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Will Lazarus Chakwera rise?

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By Alick Ponje:

SUBMITTING PAPERS TODAY—Chakwera (right) and Mia

All roads will be leading to Comesa Hall in Blantyre from today to Friday week as those aspiring to rise to the top-most seat and one seeking a fresh mandate on May 21 will be officially informing Malawi Electoral Commission (Mec) about their intentions.

The past few weeks have been fraught with tensions and speculations especially on positions of running-mates and possible alliances ahead of the polls.

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It is opposition Malawi Congress Party (MCP) only which sufficiently calmed guesswork on a possible running-mate after, a few weeks ago, its leader Lazarus Chakwera publicly announced that he would pair his deputy Sidik Mia on the ballot papers.

Observers described the announcement as not out of the ordinary following Mia’s strategic positioning in the party and how he was aligning himself with its ideologies and members.

So, today, the duo will be invading the streets of Blantyre, with their supporters in their train, on their way to the hall of joy and tears. It is the same place where about five years ago Mec announced that their party had come second in a poll that ended Joyce Banda’s two-year stint in power and took the Democratic Progressive Party back in command.

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Chakwera opted for a reconciliation path immediately after losing the election despite that his followers kept singing the ‘stolen vote’ song which, of course, meant little or nothing at all.

The MCP leader—who has been at the helm of the party since winning at the 2013 convention—shifted from the pulpit in a move his supporters defend as the continued pursuit of servanthood.

Born on April 5 1955 in Lilongwe, Chakwera was president of the Malawi Assemblies of God from 1989 to 2013. Apparently, he was given the name Lazarus by his father who believed that he would live after two brothers born before him died in their infancy.

He is married to Monica and, together, they have four children and grandchildren. He has a doctorate degree from Trinity International University, USA, and the Pan Africa Theological Seminary awarded him professorship in 2005.

In his bid for the top job, Chakwera is riding on the experience of his party— which has been in opposition since it was booted out of government in 1994—, its firm grassroots structures, and, perhaps, the mistakes of the current administration.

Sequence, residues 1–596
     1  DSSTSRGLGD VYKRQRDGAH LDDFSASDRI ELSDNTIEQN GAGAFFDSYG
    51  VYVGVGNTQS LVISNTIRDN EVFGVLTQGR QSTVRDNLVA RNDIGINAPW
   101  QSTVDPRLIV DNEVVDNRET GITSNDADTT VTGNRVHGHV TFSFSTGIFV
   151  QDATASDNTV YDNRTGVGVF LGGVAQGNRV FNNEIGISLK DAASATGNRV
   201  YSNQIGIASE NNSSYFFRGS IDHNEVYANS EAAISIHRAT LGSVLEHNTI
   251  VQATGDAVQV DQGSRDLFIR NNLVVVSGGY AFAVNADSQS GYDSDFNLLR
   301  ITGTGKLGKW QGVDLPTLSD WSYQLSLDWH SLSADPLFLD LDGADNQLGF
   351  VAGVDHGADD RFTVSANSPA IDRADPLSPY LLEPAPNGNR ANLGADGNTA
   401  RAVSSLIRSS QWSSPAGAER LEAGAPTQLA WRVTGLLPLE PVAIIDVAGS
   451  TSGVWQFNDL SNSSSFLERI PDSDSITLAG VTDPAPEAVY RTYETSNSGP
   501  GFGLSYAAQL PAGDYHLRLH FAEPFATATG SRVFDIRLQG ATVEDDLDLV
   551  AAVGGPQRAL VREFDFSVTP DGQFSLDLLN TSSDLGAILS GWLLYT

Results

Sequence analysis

In fact, that is what most opposition political parties capitalise on. So he is not alone.

MCP’s performance during the October 2017 by-elections, where it scooped five of the parliamentary and local government seats which were being competed for, seemed to give the party some confidence on its future.

However, some analysts described the sample size as too small to determine the outcome of a larger poll which has people across the country taking part.

There are also those who believe that there was a time Malawians were so frustrated with the current administration that they were willing to support any other political party.

But the political terrain has significantly changed, especially with the coming of Vice-President Saulos Chilima’s UTM. Alliances which are being formed ahead of the elections also seem to complicate the predictability of the polls.

MCP’s desire to remain steadfast was once terribly dented by the numerous court cases against the party’s leadership by some of its members and former members who seemed to finally throw in the towel after an impromptu convention that endorsed Chakwera.

The court battles battered the party and were, perhaps, Chakwera’s biggest test since he became MCP leader. But, from them, the party’s supporters argue, they rose stronger and became more resilient in their ideals.

Now, Chakwera continues to extol the virtues of a corruption-free Malawi and a people united in one force to ensure resources are equitably distributed. Whether such messages appeal to voters will be determined on May 21.

But he has stuck to it from the time be became MCP’s torchbearer in 2013.

He has also taken it upon himself to right the wrongs of his party, especially those purportedly committed during the one-party era while also defending ‘frivolous claims aimed at just tarnishing the image of the party’.

At the 2013 convention, Chakwera defended MCP’s past as ‘not all wrong’, and asked for forgiveness for the wrong aspects. He further offered an olive branch to those who dumped the party for various reasons including differences with its leadership before him.

“MCP is a party of the struggle; today, it must now fight to end the challenges facing Malawians. Let us be honest, MCP is a very strong party with proper grassroot structures throughout the country,” Chakwera said that time.

His larger vision of good governance, the need to revamp the agriculture sector to spearhead economic development and end corruption still failed to get him enough votes. Will he rise to the top this time?

As Chakwera and Mia present their nomination forms to Mec today at 9am before John Chisi of United Party and independent aspirant Florence Fulayi, he will obviously be as hopeful as President Peter Mutharika, who will be the last but one to present his papers on Friday, Saulos Chilima who will present his on Wednesday and Atupele Muluzi, who will present his on Thursday.

There is still room for surprises this week before Mec moves out of Comesa. Not all those who have been allocated slots for the submissions will really do that

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